NEWS | March 31, 2015

Protein may improve liver regeneration

FGF21 boosts regenerative ability in mice carrying human PPARα protein

(SACRAMENTO, Calif.)

Researchers at UC Davis have illuminated an important distinction between mice and humans: how human livers heal. The difference centers on a protein called PPARα, which activates liver regeneration. Normally, mouse PPARα is far more active and efficient than the human form, allowing mice to quickly regenerate damaged livers. However, the research shows that protein fibroblast growth factor 21 (FGF21) can boost the regenerative effects of human PPARα. The findings suggest that the molecule could offer significant therapeutic benefits for patients who have had a liver transplant or suffer from liver disease. The study was published in the journal Oncotarget.

Yu-Jui Yvonne Wan Yu-Jui Yvonne Wan

“We found that FGF21 is a good rescuing molecule that facilitates liver regeneration and perhaps tissue repair,” said Yu-Jui Yvonne Wan, vice chair for research in the Department of Pathology and Laboratory Medicine at UC Davis and senior author on the paper. “Our data suggests that FGF21 could help with liver regeneration, either after removal or after damage caused by alcohol or a virus.”

In the study, human and mouse PPARα showed different capacities for liver regeneration after surgery. Even after having two-thirds of their livers removed, normal mice regained their original liver mass within seven to 10 days. By contrast, mice with human PPARα never fully regenerated, even after three months. However, by increasing FGF21, the team boosted human PPARα’s ability to regenerate and heal mouse livers.

While mouse PPARα has regenerative advantages over the human version, there is also a downside, as this ability can lead to cancer. Human PPARα does not cause cancer; however, as noted, it cannot match the mouse protein’s regenerative capacity. This trade-off provides a number of advantages on the human side. For example, several popular drugs target PPARα to treat high cholesterol and triglycerides.

Still, in the right context, a more active human PPARα could be a great boon for patients with liver conditions. Using FGF21 to boost this regenerative capacity is an important step in that direction.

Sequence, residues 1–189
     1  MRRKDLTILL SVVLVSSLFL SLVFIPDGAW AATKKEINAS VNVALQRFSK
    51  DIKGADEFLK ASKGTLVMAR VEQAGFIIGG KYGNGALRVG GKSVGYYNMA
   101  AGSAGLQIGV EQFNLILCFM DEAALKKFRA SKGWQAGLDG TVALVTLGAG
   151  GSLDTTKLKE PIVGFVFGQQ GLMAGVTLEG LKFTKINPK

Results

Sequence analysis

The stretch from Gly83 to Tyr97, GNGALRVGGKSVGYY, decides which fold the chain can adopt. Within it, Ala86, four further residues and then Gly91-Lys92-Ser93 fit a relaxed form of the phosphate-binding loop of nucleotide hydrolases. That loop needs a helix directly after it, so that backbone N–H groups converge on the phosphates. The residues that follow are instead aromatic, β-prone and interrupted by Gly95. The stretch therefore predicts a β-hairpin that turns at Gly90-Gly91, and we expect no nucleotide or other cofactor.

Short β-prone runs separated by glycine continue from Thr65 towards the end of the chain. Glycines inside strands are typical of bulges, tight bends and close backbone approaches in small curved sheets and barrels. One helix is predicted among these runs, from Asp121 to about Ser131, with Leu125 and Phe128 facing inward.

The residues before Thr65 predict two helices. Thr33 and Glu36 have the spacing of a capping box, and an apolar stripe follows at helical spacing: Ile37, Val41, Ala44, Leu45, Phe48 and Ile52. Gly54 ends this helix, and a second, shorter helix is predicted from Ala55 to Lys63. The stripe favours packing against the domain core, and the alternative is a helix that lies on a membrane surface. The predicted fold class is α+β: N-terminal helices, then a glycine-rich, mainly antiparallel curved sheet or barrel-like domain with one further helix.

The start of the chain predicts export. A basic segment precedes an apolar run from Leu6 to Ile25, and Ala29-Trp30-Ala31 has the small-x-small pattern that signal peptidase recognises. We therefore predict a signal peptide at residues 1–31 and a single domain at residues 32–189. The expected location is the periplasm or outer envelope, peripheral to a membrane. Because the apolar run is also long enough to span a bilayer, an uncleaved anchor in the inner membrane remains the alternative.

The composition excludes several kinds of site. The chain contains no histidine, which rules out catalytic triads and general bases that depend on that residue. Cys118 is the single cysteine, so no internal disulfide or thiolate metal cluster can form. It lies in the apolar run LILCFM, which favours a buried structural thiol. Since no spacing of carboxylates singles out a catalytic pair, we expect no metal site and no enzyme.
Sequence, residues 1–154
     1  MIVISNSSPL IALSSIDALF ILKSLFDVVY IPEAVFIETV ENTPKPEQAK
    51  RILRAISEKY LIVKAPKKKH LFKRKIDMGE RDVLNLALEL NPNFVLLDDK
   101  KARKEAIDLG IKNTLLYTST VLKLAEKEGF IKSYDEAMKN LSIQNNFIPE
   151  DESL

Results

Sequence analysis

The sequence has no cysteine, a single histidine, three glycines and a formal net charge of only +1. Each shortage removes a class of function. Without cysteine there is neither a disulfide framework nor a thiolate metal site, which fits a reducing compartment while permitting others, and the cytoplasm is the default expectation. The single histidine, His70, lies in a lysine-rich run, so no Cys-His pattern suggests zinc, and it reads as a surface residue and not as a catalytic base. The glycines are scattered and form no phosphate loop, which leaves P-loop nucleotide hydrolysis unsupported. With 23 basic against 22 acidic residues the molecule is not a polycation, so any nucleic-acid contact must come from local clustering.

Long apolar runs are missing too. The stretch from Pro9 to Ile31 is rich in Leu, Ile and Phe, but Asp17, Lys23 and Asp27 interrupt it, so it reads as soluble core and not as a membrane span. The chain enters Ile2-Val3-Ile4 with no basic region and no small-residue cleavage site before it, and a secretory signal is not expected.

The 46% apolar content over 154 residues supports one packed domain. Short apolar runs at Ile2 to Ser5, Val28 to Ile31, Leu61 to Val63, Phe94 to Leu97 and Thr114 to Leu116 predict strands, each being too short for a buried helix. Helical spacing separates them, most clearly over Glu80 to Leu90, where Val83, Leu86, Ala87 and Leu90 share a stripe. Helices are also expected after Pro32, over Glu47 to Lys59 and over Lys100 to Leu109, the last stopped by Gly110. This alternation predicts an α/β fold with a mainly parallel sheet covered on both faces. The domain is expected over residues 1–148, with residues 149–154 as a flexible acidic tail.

These results also add another line to FGF21’s impressive resume. In addition to boosting human PPARα’s regenerative impact on the liver, the protein has been shown to alleviate insulin resistance, accelerate fat metabolism, and reduce fatty liver disease in animal models.

“FGF21 is a key molecule to regulate metabolism in the liver,” said Wan. “There’s research that shows that mice that overexpress FGF21 live 50 percent longer. Now we’ve shown that it can rescue human PPAR, allowing it to completely regenerate damaged livers in mice. This could provide significant therapeutic benefits for people after transplants or other liver injury.”

Other authors included Hui-Xin Liu and Ying Hu at UC Davis, Samuel W. French at Harbor-UCLA Medical Center and Frank J. Gonzalez at the National Cancer Institute.

Researchers at UC Davis have illuminated an important distinction between mice and humans: how human livers heal. The difference centers on a protein called PPARα, which activates liver regeneration. Normally, mouse PPARα is far more active and efficient than the human form, allowing mice to quickly regenerate damaged livers. However, the research shows that protein fibroblast growth factor 21 (FGF21) can boost the regenerative effects of human PPARα. The findings suggest that the molecule could offer significant therapeutic benefits for patients who have had a liver transplant or suffer from liver disease. The study was published in the journal Oncotarget.

“We found that FGF21 is a good rescuing molecule that facilitates liver regeneration and perhaps tissue repair,” said Yu-Jui Yvonne Wan, vice chair for research in the Department of Pathology and Laboratory Medicine at UC Davis and senior author on the paper. “Our data suggests that FGF21 could help with liver regeneration, either after removal or after damage caused by alcohol or a virus.”

In the study, human and mouse PPARα showed different capacities for liver regeneration after surgery. Even after having two-thirds of their livers removed, normal mice regained their original liver mass within seven to 10 days. By contrast, mice with human PPARα never fully regenerated, even after three months. However, by increasing FGF21, the team boosted human PPARα’s ability to regenerate and heal mouse livers.

While mouse PPARα has regenerative advantages over the human version, there is also a downside, as this ability can lead to cancer. Human PPARα does not cause cancer; however, as noted, it cannot match the mouse protein’s regenerative capacity. This trade-off provides a number of advantages on the human side. For example, several popular drugs target PPARα to treat high cholesterol and triglycerides.

Still, in the right context, a more active human PPARα could be a great boon for patients with liver conditions. Using FGF21 to boost this regenerative capacity is an important step in that direction.

These results also add another line to FGF21’s impressive resume. In addition to boosting human PPARα’s regenerative impact on the liver, the protein has been shown to alleviate insulin resistance, accelerate fat metabolism, and reduce fatty liver disease in animal models.

“FGF21 is a key molecule to regulate metabolism in the liver,” said Wan. “There’s research that shows that mice that overexpress FGF21 live 50 percent longer. Now we’ve shown that it can rescue human PPAR, allowing it to completely regenerate damaged livers in mice. This could provide significant therapeutic benefits for people after transplants or other liver injury.”

Other authors included Hui-Xin Liu and Ying Hu at UC Davis, Samuel W. French at Harbor-UCLA Medical Center and Frank J. Gonzalez at the National Cancer Institute.